Monday, March 30, 2009
Sunday, March 29, 2009
Estonia has vast open fields stretching out to the horizon, it's a country that makes it impossible not to relive the history that passed this way. As the snow turns this country white, laying a meter deep in places and temperatures dropping to minus fifteen it was so easy to imagine Hitler's and Napoleon's troops retreating this way.
With their animals and trucks collapsing, their weapons seizing and their armies just lying down and succumbing to the cold. Okay, so Napoleon didn't exactly pass through Estonia, but rather a couple of hundred miles to the south in Latvia, but you know what I mean.
Well today I went to the Maritime museum and clambered aboard the Estonian World War II Submarine Lembit and this history was literally all around me. The closest I've gotten to a submarine before today was watching one pass by a cross channel ferry many many years ago. But today was something completely different, although it was free of diesel fumes, the pounding sounds of its engines or the voices of its crew, this was the real thing. I could picture the submariners standing where I now stood beside the torpedo tubes preparing to fire or crouching as depth charges exploded all around them. Yet the cramped working conditions, bunks resting above torpedoes, small compartment doors and the famous periscope, these were all still here.This particular submarine had quite a history. Built in Scotland for the briefly independent nation of Estonia, it was then taken over by the Soviet Union in 1941 when they occupied the country while the majority of its officers were "Removed for being untrustworthy". This last comment usually meant that they were put against a wall and shot, for believing that Estonia had any rights to be a free state. It actual war record is still something of a secret.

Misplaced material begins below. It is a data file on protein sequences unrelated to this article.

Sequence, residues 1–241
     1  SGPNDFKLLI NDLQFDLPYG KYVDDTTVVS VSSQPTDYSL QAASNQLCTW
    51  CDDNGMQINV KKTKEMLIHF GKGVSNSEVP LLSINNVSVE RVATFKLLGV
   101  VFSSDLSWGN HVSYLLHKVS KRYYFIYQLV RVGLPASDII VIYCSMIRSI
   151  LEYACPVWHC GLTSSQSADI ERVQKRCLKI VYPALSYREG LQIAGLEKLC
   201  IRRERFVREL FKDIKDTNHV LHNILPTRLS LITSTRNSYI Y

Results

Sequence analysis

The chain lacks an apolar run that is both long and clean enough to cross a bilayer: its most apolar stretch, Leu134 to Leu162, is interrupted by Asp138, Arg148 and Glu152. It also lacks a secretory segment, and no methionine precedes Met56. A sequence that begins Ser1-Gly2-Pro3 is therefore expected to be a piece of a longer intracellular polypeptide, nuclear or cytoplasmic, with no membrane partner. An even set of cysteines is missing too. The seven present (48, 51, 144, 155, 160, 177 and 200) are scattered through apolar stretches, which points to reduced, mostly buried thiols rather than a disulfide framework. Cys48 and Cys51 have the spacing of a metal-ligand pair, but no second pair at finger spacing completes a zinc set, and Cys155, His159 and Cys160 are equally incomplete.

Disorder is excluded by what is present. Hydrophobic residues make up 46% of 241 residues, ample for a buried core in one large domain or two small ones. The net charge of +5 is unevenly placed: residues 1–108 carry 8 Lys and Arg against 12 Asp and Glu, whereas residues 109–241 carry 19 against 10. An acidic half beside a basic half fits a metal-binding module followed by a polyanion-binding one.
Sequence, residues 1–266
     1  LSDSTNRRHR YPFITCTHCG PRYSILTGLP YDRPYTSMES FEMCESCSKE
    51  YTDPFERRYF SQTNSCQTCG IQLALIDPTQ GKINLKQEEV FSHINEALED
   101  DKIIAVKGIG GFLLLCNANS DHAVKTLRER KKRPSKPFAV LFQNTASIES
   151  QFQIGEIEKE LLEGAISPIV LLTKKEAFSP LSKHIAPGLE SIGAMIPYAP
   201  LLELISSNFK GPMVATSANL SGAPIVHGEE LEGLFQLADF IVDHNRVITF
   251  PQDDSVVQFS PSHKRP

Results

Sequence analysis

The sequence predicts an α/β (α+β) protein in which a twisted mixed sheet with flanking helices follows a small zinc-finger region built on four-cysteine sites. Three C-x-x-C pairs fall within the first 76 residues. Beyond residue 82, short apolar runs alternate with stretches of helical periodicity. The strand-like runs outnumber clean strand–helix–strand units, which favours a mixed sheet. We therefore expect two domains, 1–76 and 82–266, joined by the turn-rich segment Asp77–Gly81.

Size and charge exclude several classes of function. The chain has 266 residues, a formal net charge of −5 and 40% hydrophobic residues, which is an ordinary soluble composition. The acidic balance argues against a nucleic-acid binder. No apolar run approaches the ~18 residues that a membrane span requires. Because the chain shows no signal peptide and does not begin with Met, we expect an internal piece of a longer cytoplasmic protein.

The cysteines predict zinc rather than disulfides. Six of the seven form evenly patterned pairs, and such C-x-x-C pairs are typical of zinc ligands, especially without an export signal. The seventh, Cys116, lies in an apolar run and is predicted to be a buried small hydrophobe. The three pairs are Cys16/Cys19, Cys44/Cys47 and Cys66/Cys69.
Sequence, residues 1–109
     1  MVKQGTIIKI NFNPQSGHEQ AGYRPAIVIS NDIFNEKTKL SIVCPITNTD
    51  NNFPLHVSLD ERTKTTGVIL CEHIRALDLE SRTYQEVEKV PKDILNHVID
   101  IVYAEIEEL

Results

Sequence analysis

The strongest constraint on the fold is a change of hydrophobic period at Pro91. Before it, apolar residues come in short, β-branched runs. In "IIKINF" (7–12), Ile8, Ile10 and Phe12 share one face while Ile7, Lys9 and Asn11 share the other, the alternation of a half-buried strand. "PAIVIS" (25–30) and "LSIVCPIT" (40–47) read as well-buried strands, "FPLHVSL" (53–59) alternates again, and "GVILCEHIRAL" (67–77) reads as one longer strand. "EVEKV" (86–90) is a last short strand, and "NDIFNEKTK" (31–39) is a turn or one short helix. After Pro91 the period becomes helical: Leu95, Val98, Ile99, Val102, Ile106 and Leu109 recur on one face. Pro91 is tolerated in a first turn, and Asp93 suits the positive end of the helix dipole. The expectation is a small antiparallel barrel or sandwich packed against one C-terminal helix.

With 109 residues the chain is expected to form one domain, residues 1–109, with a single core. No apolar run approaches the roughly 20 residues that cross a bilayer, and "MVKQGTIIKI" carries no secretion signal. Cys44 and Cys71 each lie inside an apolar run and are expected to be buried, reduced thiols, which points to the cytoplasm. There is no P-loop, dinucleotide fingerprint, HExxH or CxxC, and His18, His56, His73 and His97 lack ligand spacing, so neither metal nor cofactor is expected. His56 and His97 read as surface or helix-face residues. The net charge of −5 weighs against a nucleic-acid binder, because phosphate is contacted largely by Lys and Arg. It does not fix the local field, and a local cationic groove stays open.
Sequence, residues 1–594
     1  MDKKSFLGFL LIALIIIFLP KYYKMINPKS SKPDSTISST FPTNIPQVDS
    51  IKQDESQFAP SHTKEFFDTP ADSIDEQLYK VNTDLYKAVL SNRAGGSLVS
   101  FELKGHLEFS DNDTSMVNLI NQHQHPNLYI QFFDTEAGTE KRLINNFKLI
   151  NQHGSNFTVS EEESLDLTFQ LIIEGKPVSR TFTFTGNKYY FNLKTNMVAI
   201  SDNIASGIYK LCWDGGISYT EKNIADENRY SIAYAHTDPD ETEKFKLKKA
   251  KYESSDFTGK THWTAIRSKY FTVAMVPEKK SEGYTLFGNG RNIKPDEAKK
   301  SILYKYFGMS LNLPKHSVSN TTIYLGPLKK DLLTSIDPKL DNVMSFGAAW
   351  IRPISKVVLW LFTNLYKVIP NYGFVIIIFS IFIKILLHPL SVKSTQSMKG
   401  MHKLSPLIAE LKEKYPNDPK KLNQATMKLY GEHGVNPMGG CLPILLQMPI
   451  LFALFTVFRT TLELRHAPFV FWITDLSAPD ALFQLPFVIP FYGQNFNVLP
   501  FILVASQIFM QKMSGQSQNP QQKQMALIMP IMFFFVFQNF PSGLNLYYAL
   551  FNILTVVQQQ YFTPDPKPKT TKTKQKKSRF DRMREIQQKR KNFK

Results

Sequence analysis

For a bit more info on all this, click on the link.
Wednesday, March 25, 2009
Please click on MY BOOK REVIEWS on the right hand side of this page.
Sunday, March 15, 2009
Saturday, March 14, 2009
So here it is.............
A Very Big Small Market
Hidden amongst all the tales of the credit crisis is a small success story that has gone relatively unnoticed, namely the boom in the second hand clothes market.
Prior to 2007 thrifty shoppers went into such stores out of curiosity or the hope of finding a designer label left in during happier times, back when we could buy what wanted and when we wanted it.